# Practical use of an overall heat transfer coefficient?

• A
• MysticDream

#### MysticDream

Say I have a real counter flow heat exchanger using air and water. I run a test so I know every parameter; mass flow rate of both fluids, surface area, and in and out temps.

This is great. Now I can calculate the heat transfer rate, my log mean temperature difference, and overall heat transfer coefficient using standard formulas. I can also calculate the effectiveness of my heat exchanger and the number of transfer units using the NTU method.

Now I realize I need different results. I may need to change the parameters of my heat exchanger, but I don't want to waste time and money building and testing different setups to get the desired results.

I realize I will need to change the input temp of one of my fluids and/or the surface area of my exchanger (linearly). I know I can use the NTU method to calculate the heat transfer rate and outlet temps IF I know my overall heat transfer coefficient. I can calculate my overall heat transfer coefficient from my first test using: My question is , if I change the values of one (or both) of my inlet temps OR I change the surface area value OR I change the mass flow rate, can I use the SAME overall heat transfer coefficient from the above formula throughout all temps and areas and still obtain an accurate result using the NTU method?

I was surprised to find out how difficult it is to get a clear answer to this question through internet searches. There are many descriptions and examples of what an overall heat transfer coefficient is and how to use it in one specific case, however, I was not able to find any information about it's practical use in calculating results by changing parameters. Of what use would an overall heat transfer coefficient be if it is not a constant for a particular heat exchanger that could allow you to change parameters to predict the results?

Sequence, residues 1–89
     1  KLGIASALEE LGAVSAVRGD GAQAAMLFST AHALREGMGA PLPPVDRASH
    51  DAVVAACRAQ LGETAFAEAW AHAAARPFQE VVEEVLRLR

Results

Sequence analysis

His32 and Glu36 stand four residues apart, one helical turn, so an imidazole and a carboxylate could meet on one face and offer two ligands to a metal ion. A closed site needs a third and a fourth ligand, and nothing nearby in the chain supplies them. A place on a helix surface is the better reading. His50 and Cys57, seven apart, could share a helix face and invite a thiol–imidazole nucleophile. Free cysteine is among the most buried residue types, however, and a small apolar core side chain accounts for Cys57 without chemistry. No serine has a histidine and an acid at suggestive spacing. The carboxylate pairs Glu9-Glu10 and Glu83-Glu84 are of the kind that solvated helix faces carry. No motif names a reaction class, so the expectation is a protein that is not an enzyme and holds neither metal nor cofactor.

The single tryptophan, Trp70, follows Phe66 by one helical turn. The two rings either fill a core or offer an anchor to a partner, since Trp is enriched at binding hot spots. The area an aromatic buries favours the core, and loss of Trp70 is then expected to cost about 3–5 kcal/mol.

through internet searches
yeah, well...

There is a magnificent book called the Wärmeatlas where you can find how ##U## depends on flowrates.

Depending on how "accurate" is defined for you, the formula allows a reasonable range of temperatures.

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• MysticDream
yeah, well...

There is a magnificent book called the Wärmeatlas where you can find how ##U## depends on flowrates.

Depending on how "accurate" is defined for you, the formula allows a reasonable range of temperatures.

##\ ##

Very interesting. Thanks.

....
My question is , if I change the values of one (or both) of my inlet temps OR I change the surface area value OR I change the mass flow rate, can I use the SAME overall heat transfer coefficient from the above formula throughout all temps and areas and still obtain an accurate result using the NTU method?
The coefficient should change is the flow velocity or diameter of the pipes are changed.

• MysticDream
The coefficient should change is the flow velocity or diameter of the pipes are changed.

So the same coefficient can be used for different inlet temps and different surface areas, only if the areas are changed by length (not diameter) and only if the mass flow rates (of both fluids) stay the same?

So the same coefficient can be used for different inlet temps and different surface areas, only if the areas are changed by length (not diameter) and only if the mass flow rates (of both fluids) stay the same?
I would say yes.
The coefficient modifies the product of area and temperature difference to produce a value of thermal energy flow.
That flow rate is greatly affected by the conditions of the film of fluid located closest to the walls, like velocity, turbulence, viscosity, hard deposits on the walls, etc.

• MysticDream
I would say yes.
The coefficient modifies the product of area and temperature difference to produce a value of thermal energy flow.
That flow rate is greatly affected by the conditions of the film of fluid located closest to the walls, like velocity, turbulence, viscosity, hard deposits on the walls, etc.